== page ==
Whatever happened in Tokyo, it marked the end of his personal interest in Jesus. "You Saved My Soul" said that he "nearly" fell for the TV preacher, but that Yoko "saved me from that suicide." So the salvation of the title refers to being saved from God, not by God. Yoko had again become the captain of his soul, the mistress of his destiny. Yet his life didn't improve. He sank into a depression, concerned that his creativity had deserted him and that he had no real purpose in life. The only real joy he experienced came from spending time with his son, Sean.
His life was out of his control. He worried about his health and his eyesight, about making the right investments with his money, about his personal safety. The only way out, as far as he could see, was to pay for the services of people who claimed to see into the future. But then, which ones could he trust? If the advice of the tarot card reader contradicted that of the astrologer, which should he follow? Instead of the freedom he wanted when he broke away from the Beatles, he was now completely enslaved. He couldn't travel anywhere without advice from a directionalist, do deals with anyone without knowing their star sign, or make plans for the future without consulting the I Ching.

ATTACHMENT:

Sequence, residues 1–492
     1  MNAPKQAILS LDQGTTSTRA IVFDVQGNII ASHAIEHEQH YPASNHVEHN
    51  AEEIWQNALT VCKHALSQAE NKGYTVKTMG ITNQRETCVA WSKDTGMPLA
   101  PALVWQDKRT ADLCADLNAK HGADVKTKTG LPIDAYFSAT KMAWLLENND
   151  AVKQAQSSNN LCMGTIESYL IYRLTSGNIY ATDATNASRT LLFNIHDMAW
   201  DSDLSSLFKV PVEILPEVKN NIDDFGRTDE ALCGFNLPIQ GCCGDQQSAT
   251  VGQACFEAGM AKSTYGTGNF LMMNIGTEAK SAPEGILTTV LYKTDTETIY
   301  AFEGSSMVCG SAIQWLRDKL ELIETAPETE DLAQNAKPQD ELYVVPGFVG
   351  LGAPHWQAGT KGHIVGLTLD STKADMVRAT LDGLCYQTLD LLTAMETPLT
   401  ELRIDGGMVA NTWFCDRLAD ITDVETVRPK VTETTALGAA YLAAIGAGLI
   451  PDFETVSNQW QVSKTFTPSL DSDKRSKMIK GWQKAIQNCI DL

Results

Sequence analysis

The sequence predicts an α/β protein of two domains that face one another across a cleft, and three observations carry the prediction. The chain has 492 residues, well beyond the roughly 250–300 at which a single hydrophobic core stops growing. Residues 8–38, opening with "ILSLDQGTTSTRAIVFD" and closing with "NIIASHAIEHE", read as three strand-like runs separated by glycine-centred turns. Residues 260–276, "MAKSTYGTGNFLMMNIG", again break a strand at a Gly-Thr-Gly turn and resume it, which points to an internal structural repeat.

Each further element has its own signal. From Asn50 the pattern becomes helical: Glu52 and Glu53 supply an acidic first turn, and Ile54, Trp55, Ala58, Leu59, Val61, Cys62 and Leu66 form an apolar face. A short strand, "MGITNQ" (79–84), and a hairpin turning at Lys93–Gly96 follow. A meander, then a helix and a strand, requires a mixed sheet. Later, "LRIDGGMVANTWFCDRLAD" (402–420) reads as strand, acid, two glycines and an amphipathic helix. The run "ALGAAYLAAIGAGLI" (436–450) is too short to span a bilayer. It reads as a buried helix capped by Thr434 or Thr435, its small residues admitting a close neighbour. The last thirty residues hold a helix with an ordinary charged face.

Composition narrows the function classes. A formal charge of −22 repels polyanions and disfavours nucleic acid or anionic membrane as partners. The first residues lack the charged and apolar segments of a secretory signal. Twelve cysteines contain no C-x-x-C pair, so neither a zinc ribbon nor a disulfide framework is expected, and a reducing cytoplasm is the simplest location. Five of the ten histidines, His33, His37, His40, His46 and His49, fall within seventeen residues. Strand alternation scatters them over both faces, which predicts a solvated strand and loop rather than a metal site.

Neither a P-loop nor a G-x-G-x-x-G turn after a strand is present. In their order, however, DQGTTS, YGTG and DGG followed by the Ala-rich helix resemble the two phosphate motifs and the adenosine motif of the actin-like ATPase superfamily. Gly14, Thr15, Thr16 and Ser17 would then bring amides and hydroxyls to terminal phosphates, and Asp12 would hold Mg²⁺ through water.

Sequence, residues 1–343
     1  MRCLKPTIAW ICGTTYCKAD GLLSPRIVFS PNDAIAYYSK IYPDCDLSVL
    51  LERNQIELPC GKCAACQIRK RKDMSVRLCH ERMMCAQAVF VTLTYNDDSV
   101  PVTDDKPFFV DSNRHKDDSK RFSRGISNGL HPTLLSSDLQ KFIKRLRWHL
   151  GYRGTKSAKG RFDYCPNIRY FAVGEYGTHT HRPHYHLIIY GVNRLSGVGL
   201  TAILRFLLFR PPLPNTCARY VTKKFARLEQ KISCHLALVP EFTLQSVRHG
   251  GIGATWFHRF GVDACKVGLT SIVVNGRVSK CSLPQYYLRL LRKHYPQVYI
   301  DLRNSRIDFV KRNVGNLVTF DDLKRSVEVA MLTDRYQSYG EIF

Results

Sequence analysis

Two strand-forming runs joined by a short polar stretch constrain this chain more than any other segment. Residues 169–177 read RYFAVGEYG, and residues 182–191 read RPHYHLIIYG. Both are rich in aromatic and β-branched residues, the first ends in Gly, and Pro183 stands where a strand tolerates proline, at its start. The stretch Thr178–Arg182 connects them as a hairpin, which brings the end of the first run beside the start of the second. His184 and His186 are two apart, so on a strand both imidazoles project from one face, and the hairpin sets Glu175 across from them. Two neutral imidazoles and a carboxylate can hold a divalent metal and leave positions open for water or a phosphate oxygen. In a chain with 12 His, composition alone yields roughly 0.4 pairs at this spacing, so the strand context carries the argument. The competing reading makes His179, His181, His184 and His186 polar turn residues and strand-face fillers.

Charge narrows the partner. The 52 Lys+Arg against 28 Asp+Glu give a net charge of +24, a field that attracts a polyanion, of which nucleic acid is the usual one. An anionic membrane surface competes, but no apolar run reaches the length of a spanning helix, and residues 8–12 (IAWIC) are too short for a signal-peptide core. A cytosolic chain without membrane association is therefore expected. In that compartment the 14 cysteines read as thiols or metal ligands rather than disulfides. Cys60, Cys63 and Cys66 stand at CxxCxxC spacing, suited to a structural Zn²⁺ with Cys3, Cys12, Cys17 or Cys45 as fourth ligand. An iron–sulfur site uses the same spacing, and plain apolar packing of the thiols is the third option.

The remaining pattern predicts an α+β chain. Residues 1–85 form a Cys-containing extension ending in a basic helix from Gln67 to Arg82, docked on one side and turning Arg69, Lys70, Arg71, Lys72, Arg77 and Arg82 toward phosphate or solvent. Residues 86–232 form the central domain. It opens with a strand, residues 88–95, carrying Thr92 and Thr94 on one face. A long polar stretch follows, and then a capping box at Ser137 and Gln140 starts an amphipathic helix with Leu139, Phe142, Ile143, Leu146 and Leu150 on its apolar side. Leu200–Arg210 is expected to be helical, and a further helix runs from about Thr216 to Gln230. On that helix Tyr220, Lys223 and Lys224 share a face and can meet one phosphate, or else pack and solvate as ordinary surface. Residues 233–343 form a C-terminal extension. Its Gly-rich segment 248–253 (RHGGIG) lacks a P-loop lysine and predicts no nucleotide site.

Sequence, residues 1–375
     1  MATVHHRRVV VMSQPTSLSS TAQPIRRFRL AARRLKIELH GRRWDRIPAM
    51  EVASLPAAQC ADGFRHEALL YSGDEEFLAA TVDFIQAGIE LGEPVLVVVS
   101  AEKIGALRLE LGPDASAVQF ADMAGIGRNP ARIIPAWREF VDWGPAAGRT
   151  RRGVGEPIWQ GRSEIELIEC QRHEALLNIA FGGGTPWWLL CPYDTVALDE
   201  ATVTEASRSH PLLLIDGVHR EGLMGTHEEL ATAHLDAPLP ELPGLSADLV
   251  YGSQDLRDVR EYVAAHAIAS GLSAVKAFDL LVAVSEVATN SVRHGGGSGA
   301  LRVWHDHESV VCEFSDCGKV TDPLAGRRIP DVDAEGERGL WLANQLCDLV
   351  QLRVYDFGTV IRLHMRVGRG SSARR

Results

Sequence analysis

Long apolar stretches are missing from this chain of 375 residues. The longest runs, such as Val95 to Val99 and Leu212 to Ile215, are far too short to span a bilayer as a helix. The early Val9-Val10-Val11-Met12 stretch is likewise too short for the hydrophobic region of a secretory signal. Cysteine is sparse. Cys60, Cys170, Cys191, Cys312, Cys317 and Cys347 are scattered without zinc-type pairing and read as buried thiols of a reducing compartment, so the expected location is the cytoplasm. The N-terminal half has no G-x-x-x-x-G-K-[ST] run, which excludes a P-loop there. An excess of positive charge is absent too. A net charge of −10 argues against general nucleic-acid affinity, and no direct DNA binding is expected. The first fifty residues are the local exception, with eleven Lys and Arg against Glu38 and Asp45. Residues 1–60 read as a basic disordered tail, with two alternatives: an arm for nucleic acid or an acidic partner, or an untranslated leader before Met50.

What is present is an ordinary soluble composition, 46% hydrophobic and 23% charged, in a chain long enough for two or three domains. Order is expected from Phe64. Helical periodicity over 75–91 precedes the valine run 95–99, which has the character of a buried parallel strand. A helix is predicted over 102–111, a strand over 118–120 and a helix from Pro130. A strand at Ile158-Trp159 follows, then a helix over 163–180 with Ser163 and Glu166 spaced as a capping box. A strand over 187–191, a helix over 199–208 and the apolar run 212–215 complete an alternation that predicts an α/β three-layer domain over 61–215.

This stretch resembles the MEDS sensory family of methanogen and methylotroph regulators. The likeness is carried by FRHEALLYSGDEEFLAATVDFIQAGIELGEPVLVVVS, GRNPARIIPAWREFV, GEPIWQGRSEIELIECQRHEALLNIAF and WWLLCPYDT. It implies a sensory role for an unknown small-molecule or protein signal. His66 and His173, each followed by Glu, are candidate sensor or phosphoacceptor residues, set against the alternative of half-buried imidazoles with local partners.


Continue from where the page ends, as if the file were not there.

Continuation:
In January 1979 he and Yoko traveled to Cairo, having heard that there was a major illicit archeological dig taking place. Both of them believed that ancient Egyptian artifacts contained magical powers, and Yoko had dedicated one of the rooms in their apartment to Egyptian artifacts. "I love Egyptian art," she said. "I make sure I get all the Egyptian things, not for their value but for their magic power. Each piece has a certain magic power." They stayed at the Nile Hilton and toured the pyramids, but when word got out about their intentions they were prevented from visiting the dig.